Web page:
The NFL Draft’s top 5 ‘Mr. Irrelevants’ of the modern era
The great irony of the moniker "Mr. Irrelevant" is that the player who gets the distinction receives a heightened amount of attention and even a modest celebration.
Mr. Irrelevant — referring to the very last player selected in the NFL Draft — doesn’t get to waltz on stage in a thousand-dollar suit and squeeze Roger Goodell, but there is a jersey displayed in his honor. And since 1976, Mr. Irrelevant has enjoyed a trip to Newport Beach, California for "Irrelevant Week" festivities hosted by Paul Salata, a 10th round NFL Draft pick in 1951. The gala typically includes a parade, a golf tournament and the presentation of the faux-Heisman "Lowsman" trophy.
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Interest in Mr. Irrelevant also involves folks looking back at the careers (hey there) of these players, examining their paths through the NFL and their ability to survive (or not) sweeping roster cuts that claim numerous players selected much earlier in the draft. No one aspires to be the very last person selected but dammit — it’s a fantastic accomplishment to get drafted at all!
Since the NFL shifted to a 7-round format for its draft in 1994, 22 players have joined the Mr. Irrelevant fraternity. On Saturday, the Denver Broncos will add one more with the 253rd pick (note that Mr. Irrelevant’s number has changed from year-to-year as a result of compensatory picks and league expansion). Let’s take a look at the five Mr. Irrelevants thus far who have enjoyed the most NFL success.
1. MARTY MOORE (1994)
The 6-foot-1, 245-pound linebacker recorded a total of 175 defensive tackles as well as 110 special teams tackles including a career high of 14 in one game in his one season in Cleveland in 2000. According to NFL.com, Moore’s became first Mr. Irrelevant to play in a Super Bowl (XXXI) when the Patriots faced the Green Bay Packers for the title.
2. JIM FINN (1999)
The Chicago Bears nabbed the fullback out of the University of Pennsylvania with the 253rd pick. Finn spent his first season on the Bears’ practice squad before moving on to Indianapolis for three seasons (2000-2002) where he played in 43 games and scored his only career touchdown. Before fullbacks became an endangered species, Finn also spent four seasons (2003-2006) as a lead blocker for the Giants’ all-time and single-season rushing leader, Tiki Barber. Finn was also an adept receiver out of the backfield who accumulated 60 receptions for 423 yards receiving over his 7-year career.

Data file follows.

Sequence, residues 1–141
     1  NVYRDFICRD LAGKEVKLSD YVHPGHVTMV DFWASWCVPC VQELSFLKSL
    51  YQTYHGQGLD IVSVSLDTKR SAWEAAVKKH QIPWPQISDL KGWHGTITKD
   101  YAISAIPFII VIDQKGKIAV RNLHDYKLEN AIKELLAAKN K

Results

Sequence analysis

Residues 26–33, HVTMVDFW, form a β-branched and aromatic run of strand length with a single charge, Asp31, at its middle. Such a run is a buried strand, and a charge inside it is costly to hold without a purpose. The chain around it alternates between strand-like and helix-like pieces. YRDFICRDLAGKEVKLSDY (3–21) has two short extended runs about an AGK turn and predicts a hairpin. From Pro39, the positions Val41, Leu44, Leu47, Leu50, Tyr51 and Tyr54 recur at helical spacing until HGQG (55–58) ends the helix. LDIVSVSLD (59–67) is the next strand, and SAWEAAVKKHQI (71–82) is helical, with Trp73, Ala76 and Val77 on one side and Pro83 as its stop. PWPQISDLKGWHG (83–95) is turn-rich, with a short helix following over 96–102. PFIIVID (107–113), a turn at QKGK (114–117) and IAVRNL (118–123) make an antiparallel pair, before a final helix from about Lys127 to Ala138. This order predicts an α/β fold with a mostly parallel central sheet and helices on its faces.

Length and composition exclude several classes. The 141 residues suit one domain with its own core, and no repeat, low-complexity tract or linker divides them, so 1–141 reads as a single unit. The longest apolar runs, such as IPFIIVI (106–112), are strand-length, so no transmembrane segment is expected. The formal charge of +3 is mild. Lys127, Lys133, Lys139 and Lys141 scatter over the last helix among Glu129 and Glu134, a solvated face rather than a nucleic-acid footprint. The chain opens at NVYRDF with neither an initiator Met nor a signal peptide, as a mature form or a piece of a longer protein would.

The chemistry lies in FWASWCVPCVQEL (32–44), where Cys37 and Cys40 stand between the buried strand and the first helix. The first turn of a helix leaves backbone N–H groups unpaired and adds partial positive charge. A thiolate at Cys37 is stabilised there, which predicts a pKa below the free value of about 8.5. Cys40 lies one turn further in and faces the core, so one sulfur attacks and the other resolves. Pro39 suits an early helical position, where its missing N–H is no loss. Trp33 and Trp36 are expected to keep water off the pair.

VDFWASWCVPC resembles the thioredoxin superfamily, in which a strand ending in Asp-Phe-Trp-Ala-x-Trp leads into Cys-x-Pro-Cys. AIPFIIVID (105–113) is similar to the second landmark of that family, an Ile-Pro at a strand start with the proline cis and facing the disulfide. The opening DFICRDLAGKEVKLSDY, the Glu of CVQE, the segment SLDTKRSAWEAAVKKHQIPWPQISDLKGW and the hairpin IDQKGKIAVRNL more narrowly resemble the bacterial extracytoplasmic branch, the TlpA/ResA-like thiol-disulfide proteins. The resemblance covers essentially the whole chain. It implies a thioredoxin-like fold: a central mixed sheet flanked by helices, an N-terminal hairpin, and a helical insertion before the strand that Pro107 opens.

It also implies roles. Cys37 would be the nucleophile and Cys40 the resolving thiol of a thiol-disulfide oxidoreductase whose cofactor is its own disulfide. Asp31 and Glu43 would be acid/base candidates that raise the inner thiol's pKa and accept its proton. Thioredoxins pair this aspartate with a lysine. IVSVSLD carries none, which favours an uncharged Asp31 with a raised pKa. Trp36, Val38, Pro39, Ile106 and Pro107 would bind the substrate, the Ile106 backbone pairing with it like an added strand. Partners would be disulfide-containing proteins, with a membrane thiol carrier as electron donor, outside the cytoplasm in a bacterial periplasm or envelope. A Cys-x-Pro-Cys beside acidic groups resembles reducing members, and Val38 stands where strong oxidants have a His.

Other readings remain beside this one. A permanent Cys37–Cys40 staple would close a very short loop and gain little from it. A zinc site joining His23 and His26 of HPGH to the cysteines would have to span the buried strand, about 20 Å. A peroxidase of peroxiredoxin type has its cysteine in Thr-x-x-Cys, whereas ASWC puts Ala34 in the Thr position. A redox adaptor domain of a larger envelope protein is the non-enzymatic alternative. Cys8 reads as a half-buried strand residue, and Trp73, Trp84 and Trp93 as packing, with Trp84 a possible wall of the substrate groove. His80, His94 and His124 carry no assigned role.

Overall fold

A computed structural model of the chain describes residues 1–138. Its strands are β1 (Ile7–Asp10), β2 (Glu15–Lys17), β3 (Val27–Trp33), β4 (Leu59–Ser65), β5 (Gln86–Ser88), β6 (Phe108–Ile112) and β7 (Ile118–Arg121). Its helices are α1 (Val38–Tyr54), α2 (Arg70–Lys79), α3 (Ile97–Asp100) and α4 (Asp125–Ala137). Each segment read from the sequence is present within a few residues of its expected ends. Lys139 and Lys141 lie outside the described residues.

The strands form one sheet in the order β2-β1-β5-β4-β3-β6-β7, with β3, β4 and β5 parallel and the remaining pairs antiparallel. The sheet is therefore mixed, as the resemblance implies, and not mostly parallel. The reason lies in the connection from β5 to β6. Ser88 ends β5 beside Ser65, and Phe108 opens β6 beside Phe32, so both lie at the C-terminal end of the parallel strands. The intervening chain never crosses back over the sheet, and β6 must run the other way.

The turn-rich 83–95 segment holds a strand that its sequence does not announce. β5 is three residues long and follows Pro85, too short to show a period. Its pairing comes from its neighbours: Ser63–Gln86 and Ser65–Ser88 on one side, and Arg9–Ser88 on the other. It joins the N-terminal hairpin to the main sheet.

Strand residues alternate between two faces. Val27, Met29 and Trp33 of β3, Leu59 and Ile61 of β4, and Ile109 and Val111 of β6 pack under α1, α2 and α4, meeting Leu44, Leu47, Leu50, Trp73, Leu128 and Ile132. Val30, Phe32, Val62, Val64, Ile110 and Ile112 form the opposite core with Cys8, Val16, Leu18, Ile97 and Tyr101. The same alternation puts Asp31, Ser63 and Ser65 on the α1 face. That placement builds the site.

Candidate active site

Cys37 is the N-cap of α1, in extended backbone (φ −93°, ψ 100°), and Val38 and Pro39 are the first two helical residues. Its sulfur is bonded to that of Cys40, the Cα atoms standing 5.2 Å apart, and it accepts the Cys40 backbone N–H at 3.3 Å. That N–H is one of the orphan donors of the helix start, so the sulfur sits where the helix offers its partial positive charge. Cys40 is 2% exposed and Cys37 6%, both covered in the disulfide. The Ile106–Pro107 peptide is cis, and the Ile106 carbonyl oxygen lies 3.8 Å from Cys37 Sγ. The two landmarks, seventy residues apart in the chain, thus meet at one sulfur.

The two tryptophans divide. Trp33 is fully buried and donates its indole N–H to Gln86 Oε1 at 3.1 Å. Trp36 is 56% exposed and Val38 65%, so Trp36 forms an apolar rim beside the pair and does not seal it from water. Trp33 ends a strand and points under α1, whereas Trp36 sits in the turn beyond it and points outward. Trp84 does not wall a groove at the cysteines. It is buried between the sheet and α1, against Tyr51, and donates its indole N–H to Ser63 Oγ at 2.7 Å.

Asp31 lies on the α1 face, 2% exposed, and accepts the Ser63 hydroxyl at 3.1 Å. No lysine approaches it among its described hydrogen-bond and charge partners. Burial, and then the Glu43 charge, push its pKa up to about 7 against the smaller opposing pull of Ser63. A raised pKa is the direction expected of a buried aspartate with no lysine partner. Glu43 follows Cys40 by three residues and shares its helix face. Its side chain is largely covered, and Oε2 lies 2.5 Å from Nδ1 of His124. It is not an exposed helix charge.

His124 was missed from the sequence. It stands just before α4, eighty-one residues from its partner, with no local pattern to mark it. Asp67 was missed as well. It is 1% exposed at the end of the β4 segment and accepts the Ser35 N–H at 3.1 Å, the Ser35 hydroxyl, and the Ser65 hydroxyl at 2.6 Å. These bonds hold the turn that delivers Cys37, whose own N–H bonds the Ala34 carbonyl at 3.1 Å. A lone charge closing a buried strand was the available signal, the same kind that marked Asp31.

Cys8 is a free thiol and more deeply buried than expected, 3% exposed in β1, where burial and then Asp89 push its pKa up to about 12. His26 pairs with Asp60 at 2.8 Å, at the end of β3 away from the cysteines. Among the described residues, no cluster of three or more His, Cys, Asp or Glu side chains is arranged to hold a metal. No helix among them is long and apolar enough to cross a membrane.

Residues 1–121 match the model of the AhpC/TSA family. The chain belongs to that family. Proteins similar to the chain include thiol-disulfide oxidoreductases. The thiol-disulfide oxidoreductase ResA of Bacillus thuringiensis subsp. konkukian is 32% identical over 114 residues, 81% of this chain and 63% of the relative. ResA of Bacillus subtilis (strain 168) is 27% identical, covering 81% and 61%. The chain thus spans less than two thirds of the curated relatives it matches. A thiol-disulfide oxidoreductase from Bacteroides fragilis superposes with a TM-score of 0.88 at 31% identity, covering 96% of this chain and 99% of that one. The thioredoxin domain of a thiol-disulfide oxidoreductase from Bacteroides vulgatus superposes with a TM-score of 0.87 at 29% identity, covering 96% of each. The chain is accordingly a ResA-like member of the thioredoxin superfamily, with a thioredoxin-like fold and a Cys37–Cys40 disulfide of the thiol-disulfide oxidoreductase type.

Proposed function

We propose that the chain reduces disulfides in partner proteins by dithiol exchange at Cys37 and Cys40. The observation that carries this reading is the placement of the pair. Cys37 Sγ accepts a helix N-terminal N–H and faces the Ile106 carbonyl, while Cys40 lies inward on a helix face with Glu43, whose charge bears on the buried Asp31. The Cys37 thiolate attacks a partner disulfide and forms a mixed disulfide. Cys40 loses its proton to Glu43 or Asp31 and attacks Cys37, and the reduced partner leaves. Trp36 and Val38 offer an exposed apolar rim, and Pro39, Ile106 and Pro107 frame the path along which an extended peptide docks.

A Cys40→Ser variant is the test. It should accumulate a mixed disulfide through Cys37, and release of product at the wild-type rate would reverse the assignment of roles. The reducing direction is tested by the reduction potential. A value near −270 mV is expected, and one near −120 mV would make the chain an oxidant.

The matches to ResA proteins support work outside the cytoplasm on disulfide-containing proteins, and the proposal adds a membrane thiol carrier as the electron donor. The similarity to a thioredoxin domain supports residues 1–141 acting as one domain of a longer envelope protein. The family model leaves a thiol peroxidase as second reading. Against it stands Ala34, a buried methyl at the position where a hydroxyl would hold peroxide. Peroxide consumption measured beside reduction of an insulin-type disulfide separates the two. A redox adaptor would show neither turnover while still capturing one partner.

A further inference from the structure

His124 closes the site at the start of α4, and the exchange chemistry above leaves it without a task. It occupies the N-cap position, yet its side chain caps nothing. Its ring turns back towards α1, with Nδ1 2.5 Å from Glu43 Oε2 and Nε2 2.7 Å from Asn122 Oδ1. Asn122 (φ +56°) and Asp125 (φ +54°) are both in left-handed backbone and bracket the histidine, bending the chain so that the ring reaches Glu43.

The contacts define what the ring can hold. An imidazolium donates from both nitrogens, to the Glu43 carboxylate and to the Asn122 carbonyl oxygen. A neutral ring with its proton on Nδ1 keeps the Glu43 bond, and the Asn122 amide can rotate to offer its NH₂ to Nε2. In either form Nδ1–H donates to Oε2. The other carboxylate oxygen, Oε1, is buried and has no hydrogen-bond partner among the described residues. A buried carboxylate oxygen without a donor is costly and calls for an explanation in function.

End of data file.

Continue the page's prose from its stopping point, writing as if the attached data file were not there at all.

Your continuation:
3. MICHAEL GREEN (2000)
Green and Finn delivered back-to-back Mr. Irrelevant success stories. A product of Northwestern State, the 6-foot, 195-pounds safety stuck in the NFL for nine seasons, six in Chicago (2000-2005) with stops in Seattle and (2006-2007) and Washington (2008). A starter on some solid Bears defenses, Green amassed over 100 tackles in two separate seasons (2002, 2004) before the defending NFC Champion Seahawks acquired him in 2006 to add experience to its secondary.
4. RYAN HOAG (2003)
The lowest (numerical) Mr. Irrelevant pick since the implementation of the 7-round format, the Oakland Raiders selected Hoag 262nd overall. Hoag may not warrant a spot in this top-five on his football merits alone but he’s a heck of an interesting guy. The former wide receiver spent five seasons on practice squads for the Raiders, Giants, Redskins and Jaguars and cracked the active roster for the Minnesota Vikings. He also played in the CFL and now-defunct UFL. A former standout high school soccer and tennis player, the 36-year-old Minnesota native is now the boy’s tennis head coach at Washburn High School in Minneapolis.
"I didn’t take this job to become second fiddle to the South who’s been a perennial in the last 10 years, or Southwest," Hoag told WCCO of the tennis program. "I came to take this program over and be the city champions."
We like that kind of competitive fire. But wait — there’s more. Hoag was also a contestant on "The Bachelorette" in 2008 and later "The Bachelor Pad."
Not bad for the "Irrelevant" ranks.
5. RYAN SUCCOP (2009)
Succop might be the poster boy for Mr. Irrelevant successes. His NFL career began on the right foot (groan) as he earned All-Rookie honors thanks to an NFL rookie record 86.2 field goal conversion rate (25 of 29). He also took home the Chiefs’ Mack Hill Lee Award given to the team’s most outstanding rookie.
After five years in Kansas City, Succop moved on to the Titans where he’s entering year two of a three-year deal that will pay him over $7.2 million through 2017. The 29-year-old has nailed 82.2 career boots (152 of 185).
"They have this parade for you on the beach and I’m thinking, ‘Hey, this is pretty sweet," Succop said in 2015 of his Irrelevant Week experience. "’I’m gonna be pulling up to the beach on one of these awesome million dollar yachts!"
Now he’s got enough cheddar to buy a yacht of his own.